Andrew hilton amir roth university of pennsylvania adhilton amir cis upenn edu
SQIP

SQIP (Store Queue Index Prediction)[Sha05]

Scales store queue/buffer by eliminating associative search

@dispatch: load predicts store queue position of forwarding store

@execute: load indexes store queue at this position

younger

instruction stream

older

[?]

[?]

[?]

[x20]

[x10]

T:Br

S:+

R:Ld

Q:St

P:St

B:Ld

A:St

<9>

<8>

<4>

commit <ssn=4>

dispatch <ssn=9>

addresses

P:St

SSNs

<8>

Preliminaries: SSNs (Store Sequence Numbers) [Roth05]

  • Stores named by monotonically increasing sequence numbers

  • Low-order bits are store queue/buffer positions

  • Global SSNs track dispatch, commit, (store) completion


Andrew hilton amir roth university of pennsylvania adhilton amir cis upenn edu
SVW

Store Vulnerability Window (SVW)[Roth05]

Scales load queue by eliminating associative search

Load verification by in-order re-execution prior to commit

Highly filtered: <1% of loads actually re-execute

[x18]

[x18]

[x20]

[x18]

[x18]

[x20]

[x10]

T:Br

S:+

R:Ld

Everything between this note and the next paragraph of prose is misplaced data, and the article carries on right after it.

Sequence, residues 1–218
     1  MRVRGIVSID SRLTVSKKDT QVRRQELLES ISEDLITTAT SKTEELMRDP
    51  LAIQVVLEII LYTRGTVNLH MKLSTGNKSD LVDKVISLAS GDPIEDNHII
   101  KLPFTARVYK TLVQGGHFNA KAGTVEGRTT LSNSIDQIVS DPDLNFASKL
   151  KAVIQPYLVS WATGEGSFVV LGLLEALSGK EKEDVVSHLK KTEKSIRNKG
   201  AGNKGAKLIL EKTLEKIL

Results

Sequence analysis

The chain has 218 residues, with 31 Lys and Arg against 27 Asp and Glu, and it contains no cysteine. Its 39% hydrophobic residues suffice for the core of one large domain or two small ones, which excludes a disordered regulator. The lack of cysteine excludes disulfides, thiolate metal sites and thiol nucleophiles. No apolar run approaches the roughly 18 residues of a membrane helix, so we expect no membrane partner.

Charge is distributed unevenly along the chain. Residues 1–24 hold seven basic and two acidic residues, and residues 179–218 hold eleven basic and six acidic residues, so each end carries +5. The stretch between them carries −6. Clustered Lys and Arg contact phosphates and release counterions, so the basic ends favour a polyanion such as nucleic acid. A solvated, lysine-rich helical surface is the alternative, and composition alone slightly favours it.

Q:St

P:St

B:Ld

A:St

<8>

<8>

<9>

<8>

<8>

<4>

commit <9>

complete <3>

x?0

x20

<9>

SSBF (SSN Bloom Filter)

x?8

x18

<8>

x?8

x18

<8>

verify/

  • Address-indexed SSBF tracks [addr, SSN] of commited stores

  • @commit: loads check SSBF, re-execute if possibly incorrect


Svw naive
SVW–NAIVE

  • SVW: 512-entry indexed load queue, 256-entry store queue

  • Slowdowns over 8SA-LQ (mesa, wupwise)

  • Some slowdowns even over ASSOC too (bzip2, vortex)

  • Why? Not forwarding mis-predictions … store-load serialization

    • Load Y can’t verify until older store X completes to D$


Store load serialization rob
Store-Load Serialization: ROB

SVW/SQIP example: SSBF verification “hole”

Load R forwards from store <4>  vulnerable to stores <5>–<9>

No SSBF entry for address [x10]  must replay

Can’t search store buffer  wait until stores <5>–<8> in D$

In a ROB processor … <8> (P) will complete (and usually quickly)

In a CPR processor …

[x10]

[x20]

[x18]

[x20]

[x10]

T:Br

S:+